In THE DOOM IN THE ROOM, Thomas parodies Lovecraft's writing style by filling the three pages with flower text and a narrator who madly types the story even while a Mythos beast advances on him. He must type very, very fast… Lovecraft is parodied again in the super short WRITING ON THE WALL, a cartoon-like representation of the typical Lovecraft explorer deciphering his own doom.

RED GLASS establishes another theme: that when you look into the Abyss, the Abyss looks back. Narrating in first person, the protagonist is drawn to a house full of mental illness and secret portal behind its peeling walls. Thomas is also an expert at prolonged suffering. BOOKWORM is a short tale but the ending sticks with you as we glimpse the last desperate moments of a too-curious thief succumbing to the Mythos. THE BOARDED WINDOW builds slowly, exploring parallel dimensions and how each side views the other as strange and horrible. THE FACE OF BAPHOMET provides an alternative twist to the Templars, Baphomet, and Shub-Niggurath. The initiation ritual and main character would complement the Templars as described in Unseen Masters nicely. WHAT WASHES ASHORE follows a conflicted female protagonist who is fond of seashells, a hobby that will ultimately consume her in the outskirts of a forgotten town.

Thomas enjoys spotlighting the war against the Mythos, including the terrible cost it exacts on the mortals who dare fight back. OUT OF THE BELLY OF SHEOL is told like a biblical tale, featuring a prophet, the insides of Cthulhu, and a war between the Elder Gods and the Great Old Ones. CONGLOMERATE, told from the perspective of a security guard working at Monumental Life Insurance Corporation, features Nyarlathotep in one of his many guises as the CEO of a massive, sinister corporate entity. Good stuff for Keepers looking to expand Stephen Alzis' holdings. Two sorcerers and brothers of Cthugha and Cthulhu go to war in CORPSE CANDLES, baffling the police. Building on the war between Mythos and Man, THE THIRD EYE is a sad little tale of a broken detective, his frightened son, and the burden of occult knowledge of Things Man Was Not Meant to Know. PAZUZU'S CHILDREN takes place during the first Iraq War. It ends with a fitting Twilight Zone-esque scream.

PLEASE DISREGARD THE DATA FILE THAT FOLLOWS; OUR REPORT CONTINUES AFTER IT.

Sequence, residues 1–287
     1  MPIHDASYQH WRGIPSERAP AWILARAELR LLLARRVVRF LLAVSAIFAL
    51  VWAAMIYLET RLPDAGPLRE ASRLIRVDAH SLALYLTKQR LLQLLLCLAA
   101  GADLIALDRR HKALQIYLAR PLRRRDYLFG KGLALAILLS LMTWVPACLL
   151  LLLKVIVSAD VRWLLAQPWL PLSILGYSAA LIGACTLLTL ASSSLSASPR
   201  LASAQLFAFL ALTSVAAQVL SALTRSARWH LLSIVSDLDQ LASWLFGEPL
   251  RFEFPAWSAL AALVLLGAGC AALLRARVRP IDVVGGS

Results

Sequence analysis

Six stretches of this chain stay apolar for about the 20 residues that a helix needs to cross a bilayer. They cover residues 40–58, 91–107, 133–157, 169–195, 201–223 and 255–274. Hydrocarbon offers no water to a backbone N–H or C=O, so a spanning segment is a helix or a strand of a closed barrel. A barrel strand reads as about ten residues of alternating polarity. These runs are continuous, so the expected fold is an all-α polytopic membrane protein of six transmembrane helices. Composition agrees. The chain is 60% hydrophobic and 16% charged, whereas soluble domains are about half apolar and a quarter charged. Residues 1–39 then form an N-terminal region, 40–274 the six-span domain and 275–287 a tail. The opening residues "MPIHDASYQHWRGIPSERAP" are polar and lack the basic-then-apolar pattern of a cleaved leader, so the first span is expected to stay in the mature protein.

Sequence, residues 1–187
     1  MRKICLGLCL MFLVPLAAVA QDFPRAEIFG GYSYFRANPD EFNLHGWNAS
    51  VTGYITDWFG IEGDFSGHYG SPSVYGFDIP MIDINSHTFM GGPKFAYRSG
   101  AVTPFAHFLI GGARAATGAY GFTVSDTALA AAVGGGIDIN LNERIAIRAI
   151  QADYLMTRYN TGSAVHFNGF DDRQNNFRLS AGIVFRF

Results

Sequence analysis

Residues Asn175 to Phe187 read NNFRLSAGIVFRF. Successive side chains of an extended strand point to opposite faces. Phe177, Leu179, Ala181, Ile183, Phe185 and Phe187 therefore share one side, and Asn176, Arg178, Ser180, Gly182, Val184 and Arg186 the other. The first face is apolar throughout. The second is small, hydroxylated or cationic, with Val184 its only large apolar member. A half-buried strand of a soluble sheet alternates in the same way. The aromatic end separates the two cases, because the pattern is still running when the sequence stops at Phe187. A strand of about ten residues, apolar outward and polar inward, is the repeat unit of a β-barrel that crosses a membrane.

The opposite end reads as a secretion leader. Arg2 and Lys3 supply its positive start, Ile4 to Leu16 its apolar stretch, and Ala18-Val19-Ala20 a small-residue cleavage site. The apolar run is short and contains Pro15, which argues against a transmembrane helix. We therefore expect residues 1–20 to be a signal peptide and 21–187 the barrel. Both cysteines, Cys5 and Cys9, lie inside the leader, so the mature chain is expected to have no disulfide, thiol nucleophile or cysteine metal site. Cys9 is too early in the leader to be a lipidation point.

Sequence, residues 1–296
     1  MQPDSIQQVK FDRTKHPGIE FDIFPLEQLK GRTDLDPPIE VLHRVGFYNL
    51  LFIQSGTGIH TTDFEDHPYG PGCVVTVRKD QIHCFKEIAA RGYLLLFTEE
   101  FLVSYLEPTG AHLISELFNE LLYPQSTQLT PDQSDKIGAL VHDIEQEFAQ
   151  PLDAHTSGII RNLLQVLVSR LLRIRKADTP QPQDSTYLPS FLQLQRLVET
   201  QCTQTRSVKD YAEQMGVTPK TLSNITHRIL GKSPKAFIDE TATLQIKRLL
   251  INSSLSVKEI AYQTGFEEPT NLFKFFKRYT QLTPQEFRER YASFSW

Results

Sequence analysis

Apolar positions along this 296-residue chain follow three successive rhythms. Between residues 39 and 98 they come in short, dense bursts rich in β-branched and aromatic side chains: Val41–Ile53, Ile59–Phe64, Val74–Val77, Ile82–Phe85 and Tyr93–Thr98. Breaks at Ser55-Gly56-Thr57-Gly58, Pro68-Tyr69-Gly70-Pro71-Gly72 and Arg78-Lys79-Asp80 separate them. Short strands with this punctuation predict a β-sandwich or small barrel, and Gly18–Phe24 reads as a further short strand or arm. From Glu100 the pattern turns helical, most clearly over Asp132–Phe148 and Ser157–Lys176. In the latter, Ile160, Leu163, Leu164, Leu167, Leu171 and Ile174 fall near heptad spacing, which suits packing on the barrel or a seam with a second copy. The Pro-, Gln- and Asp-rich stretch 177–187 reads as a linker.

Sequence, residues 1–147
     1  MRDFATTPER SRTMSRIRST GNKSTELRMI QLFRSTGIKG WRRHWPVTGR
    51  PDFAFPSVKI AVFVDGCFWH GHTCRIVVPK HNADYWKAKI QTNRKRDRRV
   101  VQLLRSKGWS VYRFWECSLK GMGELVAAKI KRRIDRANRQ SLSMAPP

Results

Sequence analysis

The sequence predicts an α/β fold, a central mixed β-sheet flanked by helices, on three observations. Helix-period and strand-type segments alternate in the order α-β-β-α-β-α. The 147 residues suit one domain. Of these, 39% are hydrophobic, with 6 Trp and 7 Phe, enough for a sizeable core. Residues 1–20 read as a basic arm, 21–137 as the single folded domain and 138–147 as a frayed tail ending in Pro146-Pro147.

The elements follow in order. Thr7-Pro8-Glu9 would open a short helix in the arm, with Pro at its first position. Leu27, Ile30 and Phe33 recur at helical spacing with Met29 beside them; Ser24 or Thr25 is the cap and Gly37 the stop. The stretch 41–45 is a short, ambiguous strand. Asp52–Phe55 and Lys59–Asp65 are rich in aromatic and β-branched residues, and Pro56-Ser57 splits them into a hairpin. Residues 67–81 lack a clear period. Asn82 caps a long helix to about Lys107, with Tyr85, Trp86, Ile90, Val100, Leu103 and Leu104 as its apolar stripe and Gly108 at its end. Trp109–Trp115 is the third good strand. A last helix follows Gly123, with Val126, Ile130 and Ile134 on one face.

There are a few layout problems. Pages 193 and 248 feature just a few words and a whole lot of blank space. The artwork is blurry, abstract, and not particularly scary, serving only to interrupt the story. Thomas' text is evocative enough without these distractions.

But overall Unholy Dimensions demonstrates Jeffrey Thomas' amazing talent to tell an approachable Mythos tale that is both entertaining and creepy. A must read for Delta Green and Cthulhutech gamers.

Tuesday, September 1, 2009


Thanks to a string of successful comic book movie hits, directors are finally showing some respect for their original source material. In the past, it was clear that the director's vision eclipsed any fan interest, which resulted in the Batman series kicked off by Tim Burton eventually circling the toilet bowl before being flushed by Joel Schumacher. The tide has reversed, with fanboys-turned-directors like Peter Jackson, Robert Rodriguez, and Guillermo del Toro showing an almost slavish devotion to the source material. Zack Snyder can now add his name to that list.

Watchmen takes place in an alternate reality where the threat of weapons of mass destruction looms large, thanks in part to superheroes who range in sanction from government agents to violent outlaws. They are gods among men, these superheroes, but they are also deeply flawed human beings. Watchmen is their story.

There's remarkably little superhero-action in Watchmen. When you strip away all the distractions like the altered timeline and the murder mystery, it becomes clear that Watchmen is actually a character study. The film ping-pongs between each character's backstory, slowly peeling back each layer until we get to the conclusion: that people do terrible things for good reasons. Unfortunately, some characters are fleshed out more than others.

Rorschach (Jackie Earle Haley), the Question-like stand-in, is the most interesting character, an anti-hero filled with the rage of moral absolutism, right at home in a repressive society. He also provides noir-style narrative throughout Watchmen.

Nite Owl II (Patrick Wilson), who has an uncanny resemblance to a young Chevy Chase, is basically an alternative Batman in search of a cause. He's largely a cipher here, cast primarily as the potential love interest of Silk Spectre.

Silk Spectre II (Malin Akerman) provides the emotional center of the film but unfortunately doesn't do much for women's rights – she comes off as emotionally conflicted and petulant.

The Comedian (Jeffrey Dean Morgan), a Punisher analogue whose death at the beginning of the film provides much of the movie's structure, is also a relative unknown. His nickname is derived from his sociopathic detachment, killing with glee. Unfortunately, he just comes off as a murderous thug.